NC: What are you most excited about with your natural hair?

LF: I am most excited to just see what it can be. A few days ago I mentioned to my son and husband that I had missed the changes puberty, pregnancy, and menopause would have made in my hair. I can never get those missed events back, but I can see what it will look like now, I can revel in what it is, and with luck, I can share this new-found knowledge with others. At least one other 13-year-old will know that there might be a glory hiding under that frizz if she just gives it a chance to show itself, and future generations will straighten or use other hairstyling methods out of choice rather than a desperation to control something they just don't understand.

NC: Even though this is all new to you, do you have any words of encouragement or advice for others who are having the same struggles with their naturally curly hair?

LF: If at 62 I'm still excited to learn all of this and embark on this new adventure, then it's truly not too late for anyone. What ever you may have done to it, it's just hair, and it will always grow back and always forgive you when you start to give it proper care.

NC: Anything else you want to share?

LF: I want to thank the NaturallyCurly community (and Gretchen) for being there after I had read "Curly Girl" and was looking for more information, and everyone who posts there for all the ideas I am still writing in my little notepad. As long as what I see in the mirror is not a bush of frizz, it will be an improvement over the "brush your hair, it's a mess" that I remember. So I guess I'm saying, "It's all good."

Learn from Lorraine

3 Tips for New and Struggling Curlies

  1. Don't give up on your curls! Be patient and let your naturally curly hair be "a work in progress."  Lorraine is still willing to give her hair a chance and take the time to embrace and enjoy her curls. You may have had expectations for your hair that are uncharacteristic of your curl texture. Stop to observe your hair texture and find out how it behaves, what it likes and doesn't like — be kind to your curls.
  2. Relearn. It's easy to get frustrated with your natural texture because you don't know how to take care of it. It's important to accept that you will need to relearn about how to take care of your naturally curly hair to get your hair to a healthy place. There's a wealth of information you can learn from other curlies who have been there, tried this and that. So grab a notepad and start relearning.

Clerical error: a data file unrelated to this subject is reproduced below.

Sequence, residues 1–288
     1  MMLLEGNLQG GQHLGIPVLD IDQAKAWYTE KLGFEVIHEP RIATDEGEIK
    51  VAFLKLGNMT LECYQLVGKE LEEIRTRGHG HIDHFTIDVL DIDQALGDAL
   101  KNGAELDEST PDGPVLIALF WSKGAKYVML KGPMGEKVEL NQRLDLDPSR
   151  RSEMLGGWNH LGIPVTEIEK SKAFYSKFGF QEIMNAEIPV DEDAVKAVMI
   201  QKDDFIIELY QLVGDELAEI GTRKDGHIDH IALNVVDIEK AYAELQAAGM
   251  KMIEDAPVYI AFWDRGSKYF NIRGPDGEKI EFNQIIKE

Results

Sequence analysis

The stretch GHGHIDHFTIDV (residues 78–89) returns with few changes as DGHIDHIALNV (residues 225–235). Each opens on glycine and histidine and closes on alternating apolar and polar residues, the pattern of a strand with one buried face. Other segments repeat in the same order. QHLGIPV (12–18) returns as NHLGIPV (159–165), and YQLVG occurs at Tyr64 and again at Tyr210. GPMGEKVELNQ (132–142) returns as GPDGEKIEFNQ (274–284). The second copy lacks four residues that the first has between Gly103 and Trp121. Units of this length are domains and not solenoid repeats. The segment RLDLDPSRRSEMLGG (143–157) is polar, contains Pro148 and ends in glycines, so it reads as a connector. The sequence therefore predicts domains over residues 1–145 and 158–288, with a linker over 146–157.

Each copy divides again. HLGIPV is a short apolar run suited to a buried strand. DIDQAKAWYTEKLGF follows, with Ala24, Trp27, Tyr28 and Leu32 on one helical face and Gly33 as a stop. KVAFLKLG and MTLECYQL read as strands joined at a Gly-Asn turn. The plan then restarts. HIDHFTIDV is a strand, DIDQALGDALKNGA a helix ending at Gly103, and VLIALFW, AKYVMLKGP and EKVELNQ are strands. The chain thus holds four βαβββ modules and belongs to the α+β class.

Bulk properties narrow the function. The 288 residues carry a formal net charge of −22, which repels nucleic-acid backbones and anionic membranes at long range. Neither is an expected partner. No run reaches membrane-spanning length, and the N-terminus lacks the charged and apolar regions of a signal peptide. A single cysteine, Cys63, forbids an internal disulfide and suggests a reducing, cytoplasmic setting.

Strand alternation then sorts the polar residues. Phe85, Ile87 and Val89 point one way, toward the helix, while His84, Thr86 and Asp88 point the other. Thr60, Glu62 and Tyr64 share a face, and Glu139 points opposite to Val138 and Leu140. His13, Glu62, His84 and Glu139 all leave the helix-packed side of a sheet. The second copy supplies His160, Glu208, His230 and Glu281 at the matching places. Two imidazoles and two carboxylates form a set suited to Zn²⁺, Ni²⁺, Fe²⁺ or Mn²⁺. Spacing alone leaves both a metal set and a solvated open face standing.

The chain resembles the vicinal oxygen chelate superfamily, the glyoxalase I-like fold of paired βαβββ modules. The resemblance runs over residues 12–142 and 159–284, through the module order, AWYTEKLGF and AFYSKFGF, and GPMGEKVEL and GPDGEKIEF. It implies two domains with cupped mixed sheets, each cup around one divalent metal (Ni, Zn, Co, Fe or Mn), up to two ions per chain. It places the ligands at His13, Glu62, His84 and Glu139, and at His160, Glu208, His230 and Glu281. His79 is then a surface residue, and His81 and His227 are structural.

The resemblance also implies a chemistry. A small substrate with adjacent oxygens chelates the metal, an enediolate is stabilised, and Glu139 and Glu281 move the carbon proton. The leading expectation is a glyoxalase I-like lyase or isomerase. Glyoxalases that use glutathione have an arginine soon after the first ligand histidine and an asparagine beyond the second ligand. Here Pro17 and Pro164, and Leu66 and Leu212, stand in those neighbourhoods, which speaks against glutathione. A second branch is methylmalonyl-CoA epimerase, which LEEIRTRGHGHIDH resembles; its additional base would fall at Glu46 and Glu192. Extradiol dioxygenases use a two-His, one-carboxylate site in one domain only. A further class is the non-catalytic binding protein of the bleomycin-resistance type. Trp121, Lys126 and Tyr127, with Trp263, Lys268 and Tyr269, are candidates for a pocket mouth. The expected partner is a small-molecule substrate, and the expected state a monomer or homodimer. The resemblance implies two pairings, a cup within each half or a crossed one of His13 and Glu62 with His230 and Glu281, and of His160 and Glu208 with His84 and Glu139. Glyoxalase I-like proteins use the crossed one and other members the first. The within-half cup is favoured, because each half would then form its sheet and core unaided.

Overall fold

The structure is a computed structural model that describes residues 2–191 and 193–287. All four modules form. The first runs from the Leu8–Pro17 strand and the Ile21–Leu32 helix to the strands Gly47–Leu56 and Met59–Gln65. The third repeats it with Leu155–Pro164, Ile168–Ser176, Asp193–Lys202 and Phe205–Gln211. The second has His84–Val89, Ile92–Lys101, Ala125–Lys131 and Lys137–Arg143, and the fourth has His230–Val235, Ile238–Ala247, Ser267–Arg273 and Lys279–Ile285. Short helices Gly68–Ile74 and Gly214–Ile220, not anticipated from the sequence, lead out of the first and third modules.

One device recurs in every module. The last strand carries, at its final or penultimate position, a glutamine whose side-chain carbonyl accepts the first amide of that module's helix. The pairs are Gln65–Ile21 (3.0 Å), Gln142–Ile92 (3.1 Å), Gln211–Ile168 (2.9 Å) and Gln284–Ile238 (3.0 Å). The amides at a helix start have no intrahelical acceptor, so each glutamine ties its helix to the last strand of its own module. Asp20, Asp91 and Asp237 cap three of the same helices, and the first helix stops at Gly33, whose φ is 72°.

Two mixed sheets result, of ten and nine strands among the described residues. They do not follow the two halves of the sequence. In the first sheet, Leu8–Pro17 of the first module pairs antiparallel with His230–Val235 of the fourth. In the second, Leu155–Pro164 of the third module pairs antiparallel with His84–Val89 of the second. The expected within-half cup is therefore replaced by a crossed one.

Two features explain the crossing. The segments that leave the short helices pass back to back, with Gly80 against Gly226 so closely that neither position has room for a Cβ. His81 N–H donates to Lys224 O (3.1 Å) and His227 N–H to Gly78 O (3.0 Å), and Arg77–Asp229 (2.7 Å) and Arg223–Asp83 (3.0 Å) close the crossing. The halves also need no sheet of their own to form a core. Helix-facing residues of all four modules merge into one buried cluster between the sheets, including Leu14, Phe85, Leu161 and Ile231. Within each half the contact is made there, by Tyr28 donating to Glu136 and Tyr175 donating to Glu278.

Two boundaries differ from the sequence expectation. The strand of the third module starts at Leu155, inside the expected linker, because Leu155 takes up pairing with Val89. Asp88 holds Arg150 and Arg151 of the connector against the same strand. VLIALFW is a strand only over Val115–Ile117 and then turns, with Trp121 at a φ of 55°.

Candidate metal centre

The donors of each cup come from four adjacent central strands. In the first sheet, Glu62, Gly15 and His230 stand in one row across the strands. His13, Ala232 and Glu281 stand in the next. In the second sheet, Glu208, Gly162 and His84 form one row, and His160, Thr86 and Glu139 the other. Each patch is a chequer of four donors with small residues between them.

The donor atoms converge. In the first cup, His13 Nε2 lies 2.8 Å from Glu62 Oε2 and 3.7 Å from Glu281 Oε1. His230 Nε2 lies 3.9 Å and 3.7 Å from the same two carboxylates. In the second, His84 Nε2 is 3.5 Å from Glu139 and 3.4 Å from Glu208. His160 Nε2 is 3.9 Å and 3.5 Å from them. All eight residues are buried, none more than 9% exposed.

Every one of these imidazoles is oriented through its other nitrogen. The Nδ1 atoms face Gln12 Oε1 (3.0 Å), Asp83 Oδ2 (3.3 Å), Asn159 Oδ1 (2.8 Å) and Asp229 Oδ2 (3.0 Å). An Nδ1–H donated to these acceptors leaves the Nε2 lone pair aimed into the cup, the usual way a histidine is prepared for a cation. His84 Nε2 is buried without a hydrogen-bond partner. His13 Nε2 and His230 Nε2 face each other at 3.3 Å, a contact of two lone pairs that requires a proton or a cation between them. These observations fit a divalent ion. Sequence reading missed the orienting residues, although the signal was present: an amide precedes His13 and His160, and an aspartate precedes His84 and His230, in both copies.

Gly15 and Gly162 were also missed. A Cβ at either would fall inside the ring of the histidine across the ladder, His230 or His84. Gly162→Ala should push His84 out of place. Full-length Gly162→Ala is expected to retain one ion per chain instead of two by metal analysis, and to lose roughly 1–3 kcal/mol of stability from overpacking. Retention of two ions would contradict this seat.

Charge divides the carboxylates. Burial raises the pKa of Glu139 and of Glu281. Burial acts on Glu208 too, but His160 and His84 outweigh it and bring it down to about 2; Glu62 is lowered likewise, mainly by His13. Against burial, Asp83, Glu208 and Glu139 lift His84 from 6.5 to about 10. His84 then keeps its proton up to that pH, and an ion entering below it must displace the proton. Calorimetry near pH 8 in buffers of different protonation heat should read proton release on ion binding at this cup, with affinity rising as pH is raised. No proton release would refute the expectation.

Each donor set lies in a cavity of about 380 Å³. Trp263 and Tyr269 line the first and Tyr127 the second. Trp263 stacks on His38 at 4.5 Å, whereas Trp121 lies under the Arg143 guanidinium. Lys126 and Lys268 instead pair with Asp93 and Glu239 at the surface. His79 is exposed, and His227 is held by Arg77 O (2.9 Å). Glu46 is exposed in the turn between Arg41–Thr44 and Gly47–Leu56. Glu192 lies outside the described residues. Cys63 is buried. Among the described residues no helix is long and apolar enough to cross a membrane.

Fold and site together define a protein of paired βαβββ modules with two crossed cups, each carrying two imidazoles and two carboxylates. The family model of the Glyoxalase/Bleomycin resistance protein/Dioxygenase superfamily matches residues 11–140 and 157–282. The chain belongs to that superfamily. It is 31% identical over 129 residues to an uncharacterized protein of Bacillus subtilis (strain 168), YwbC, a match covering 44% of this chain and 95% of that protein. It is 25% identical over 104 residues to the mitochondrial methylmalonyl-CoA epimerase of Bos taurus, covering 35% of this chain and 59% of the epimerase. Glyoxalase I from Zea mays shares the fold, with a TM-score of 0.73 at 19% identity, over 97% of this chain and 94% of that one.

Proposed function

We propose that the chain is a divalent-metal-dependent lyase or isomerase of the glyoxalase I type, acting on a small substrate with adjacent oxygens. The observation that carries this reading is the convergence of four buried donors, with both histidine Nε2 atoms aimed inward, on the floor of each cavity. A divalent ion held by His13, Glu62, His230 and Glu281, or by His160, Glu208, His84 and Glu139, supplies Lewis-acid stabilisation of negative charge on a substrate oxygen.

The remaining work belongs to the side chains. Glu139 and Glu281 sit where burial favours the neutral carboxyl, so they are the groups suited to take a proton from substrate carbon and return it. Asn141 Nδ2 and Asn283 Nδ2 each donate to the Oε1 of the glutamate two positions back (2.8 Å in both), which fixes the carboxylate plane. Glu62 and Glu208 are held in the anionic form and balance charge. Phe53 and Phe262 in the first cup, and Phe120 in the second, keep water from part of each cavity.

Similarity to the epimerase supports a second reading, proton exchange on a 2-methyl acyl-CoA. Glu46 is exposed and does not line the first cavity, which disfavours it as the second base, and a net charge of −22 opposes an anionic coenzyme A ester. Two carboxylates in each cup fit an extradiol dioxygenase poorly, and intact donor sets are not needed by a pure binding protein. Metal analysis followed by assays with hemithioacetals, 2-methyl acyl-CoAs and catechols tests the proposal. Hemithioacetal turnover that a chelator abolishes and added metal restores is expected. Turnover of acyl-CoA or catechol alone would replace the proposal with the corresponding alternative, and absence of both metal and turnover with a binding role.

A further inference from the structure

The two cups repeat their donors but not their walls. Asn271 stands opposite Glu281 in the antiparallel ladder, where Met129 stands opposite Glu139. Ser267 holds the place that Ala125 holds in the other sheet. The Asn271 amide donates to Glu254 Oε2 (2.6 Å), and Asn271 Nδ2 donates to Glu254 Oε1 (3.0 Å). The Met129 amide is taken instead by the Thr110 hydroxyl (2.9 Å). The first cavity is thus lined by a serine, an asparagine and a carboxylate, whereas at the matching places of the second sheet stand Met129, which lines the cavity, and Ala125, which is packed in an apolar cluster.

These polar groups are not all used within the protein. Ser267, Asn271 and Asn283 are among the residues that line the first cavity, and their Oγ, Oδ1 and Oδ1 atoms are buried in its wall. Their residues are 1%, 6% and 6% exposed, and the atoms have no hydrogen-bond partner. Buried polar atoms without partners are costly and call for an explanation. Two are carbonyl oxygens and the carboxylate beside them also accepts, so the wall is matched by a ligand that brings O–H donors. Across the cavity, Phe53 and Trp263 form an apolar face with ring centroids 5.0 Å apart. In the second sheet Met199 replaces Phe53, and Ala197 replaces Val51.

3. Enjoy the journey. Your curls have potential. No matter how long you've been battling with your texture, you shouldn't be afraid to hope that you will get to see your curls, kinks, or waves healthy and thriving. Take your time to find your way so that you can begin to enjoy your texture. Be sure to record your journey so that you can keep track of all the progress you are making!

April showers bring may flowers, but they can also bring endless frizzy, poofy hair days for us curly, coily and wavy gals! You don't have to fear the humidity this spring. You can keep your curls and styles defined and let your curls come out to play with no-frizz instead! Take a look at these spring hair care tips for healthy beautiful curls from March to May.



Priscilla Sodeke enjoying her short, natural hair.

When I packed up my combs and hair products, I knew where I wanted to go, but I had no idea where my hair would take me. I set out with the desire for fuller, healthier, longer hair. After 16 years of relaxers, my hair was at its longest, but it was thin and listless, slouching at my shoulders without any intentions of growing longer. So after going in search of a healthier hair regimen through hours of online research, I became what you might call a hair product ingredient Nazi. Determined to purge my collection, I attacked the bathroom counters and shelves full of hair products with a vengeance. My plan was to relax less and flat iron the kinks out of any coils that dared to show up at my roots.